Tuesday, August 23, 2022

Queen’s Hall, Edinburgh

Opening this morning recital with Haydn’s G-major Quartet, Opus 76/1, the Pavel Haas members chose a slightly too fast tempo for the first movement; poised yes (if with some intonation problems for the leader, and later) but ornamental turns were a little ‘squeezed’, although the slow movement was affectingly soulful. The Minuet scurried, the Trio teased, and the Finale lolloped amiably with some delightful surprises – that’s Haydn for you.

Martinů’s Seventh and final String Quartet – made in America following World War II – bustles with energy and motor rhythms in the first movement, as well as unexpected harmonies and diversions, and with a Finale that is folksy and exuberant. In between is music that doesn’t give up its (sad) secrets at all easily – only by the concluding pages is it suggested to the auditor that a return to the whole movement is desirable and necessary.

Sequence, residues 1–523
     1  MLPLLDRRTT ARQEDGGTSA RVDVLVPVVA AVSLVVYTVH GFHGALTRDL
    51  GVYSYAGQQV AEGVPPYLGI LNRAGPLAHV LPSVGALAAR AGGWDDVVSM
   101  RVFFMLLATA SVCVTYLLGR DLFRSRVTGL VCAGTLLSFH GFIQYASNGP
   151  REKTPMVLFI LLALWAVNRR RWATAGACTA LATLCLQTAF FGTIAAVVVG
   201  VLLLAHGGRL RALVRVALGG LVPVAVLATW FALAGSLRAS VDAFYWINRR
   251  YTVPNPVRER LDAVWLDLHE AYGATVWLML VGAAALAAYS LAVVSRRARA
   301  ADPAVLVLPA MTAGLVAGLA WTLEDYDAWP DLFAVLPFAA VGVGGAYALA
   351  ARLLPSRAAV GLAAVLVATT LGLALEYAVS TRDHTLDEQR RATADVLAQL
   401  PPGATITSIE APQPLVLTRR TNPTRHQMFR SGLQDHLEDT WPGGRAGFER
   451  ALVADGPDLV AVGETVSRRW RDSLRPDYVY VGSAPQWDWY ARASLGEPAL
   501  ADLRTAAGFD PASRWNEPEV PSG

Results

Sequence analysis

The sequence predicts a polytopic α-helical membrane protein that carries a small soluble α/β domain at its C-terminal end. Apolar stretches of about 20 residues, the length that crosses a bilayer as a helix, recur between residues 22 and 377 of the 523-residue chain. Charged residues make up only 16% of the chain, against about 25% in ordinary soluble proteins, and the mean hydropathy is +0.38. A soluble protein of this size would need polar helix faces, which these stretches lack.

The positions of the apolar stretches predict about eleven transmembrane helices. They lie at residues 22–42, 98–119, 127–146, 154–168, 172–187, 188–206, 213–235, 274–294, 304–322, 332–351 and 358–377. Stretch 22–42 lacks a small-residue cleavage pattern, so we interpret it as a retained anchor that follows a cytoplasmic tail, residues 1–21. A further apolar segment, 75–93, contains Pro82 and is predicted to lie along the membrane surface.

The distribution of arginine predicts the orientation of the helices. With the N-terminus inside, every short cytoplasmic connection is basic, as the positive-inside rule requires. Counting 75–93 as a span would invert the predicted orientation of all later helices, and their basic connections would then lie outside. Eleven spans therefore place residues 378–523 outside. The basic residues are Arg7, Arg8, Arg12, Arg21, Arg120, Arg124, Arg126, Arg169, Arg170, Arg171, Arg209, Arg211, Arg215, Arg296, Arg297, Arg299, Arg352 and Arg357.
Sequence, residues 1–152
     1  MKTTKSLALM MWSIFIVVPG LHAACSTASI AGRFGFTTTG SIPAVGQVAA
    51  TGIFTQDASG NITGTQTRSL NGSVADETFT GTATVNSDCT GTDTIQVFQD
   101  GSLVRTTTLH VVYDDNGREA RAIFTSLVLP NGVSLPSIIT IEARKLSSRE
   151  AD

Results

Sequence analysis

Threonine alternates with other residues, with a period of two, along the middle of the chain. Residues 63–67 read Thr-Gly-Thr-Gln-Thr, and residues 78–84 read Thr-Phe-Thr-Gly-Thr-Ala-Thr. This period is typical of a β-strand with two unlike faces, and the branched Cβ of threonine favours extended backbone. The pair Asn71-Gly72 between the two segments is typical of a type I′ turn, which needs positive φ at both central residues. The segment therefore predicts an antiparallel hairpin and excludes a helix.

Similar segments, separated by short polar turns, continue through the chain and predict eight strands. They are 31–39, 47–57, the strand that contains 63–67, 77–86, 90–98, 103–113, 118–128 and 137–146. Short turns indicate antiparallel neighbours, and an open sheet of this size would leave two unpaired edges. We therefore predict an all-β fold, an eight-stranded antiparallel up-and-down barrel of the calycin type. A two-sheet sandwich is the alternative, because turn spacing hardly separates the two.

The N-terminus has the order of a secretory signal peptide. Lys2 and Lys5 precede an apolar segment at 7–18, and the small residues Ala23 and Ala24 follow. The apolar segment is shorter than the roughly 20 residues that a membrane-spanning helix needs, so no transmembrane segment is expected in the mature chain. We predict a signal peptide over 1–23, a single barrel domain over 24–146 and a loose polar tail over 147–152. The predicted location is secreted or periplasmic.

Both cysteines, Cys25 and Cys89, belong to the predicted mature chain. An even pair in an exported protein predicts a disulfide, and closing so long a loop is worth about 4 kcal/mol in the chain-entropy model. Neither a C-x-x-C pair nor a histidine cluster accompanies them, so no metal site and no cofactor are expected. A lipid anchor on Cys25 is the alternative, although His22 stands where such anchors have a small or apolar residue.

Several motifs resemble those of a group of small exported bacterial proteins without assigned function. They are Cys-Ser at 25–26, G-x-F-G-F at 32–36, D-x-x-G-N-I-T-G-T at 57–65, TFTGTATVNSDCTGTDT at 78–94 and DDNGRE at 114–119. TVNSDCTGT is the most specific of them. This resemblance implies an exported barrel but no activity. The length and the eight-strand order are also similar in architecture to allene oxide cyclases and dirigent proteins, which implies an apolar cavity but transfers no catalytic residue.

Schubert’s expansive and ultimate Quartet (G-major, D887), an emotionally naked and volatile work here given an unvarnished account, although a shame to omit the (admittedly lengthy) exposition repeat, which only enhances the first movement’s scale, yet the development was entered into seamlessly and plenty of passions and uncertainties were brought forth to inveigle the listener with playing of considerable persuasion and interaction. The song-like Andante (if taken slower than that) seemed death-haunted given the musicians’ bleached timbres and the composer’s plaintive melodies, eerie interruptions also a feature. The Scherzo had the right amount of febrile edge, the Trio suggested a poem of melancholy, and the moderate tempo for the Finale threw into relief its rhythmic profile and that there is nothing easy about this particular journey.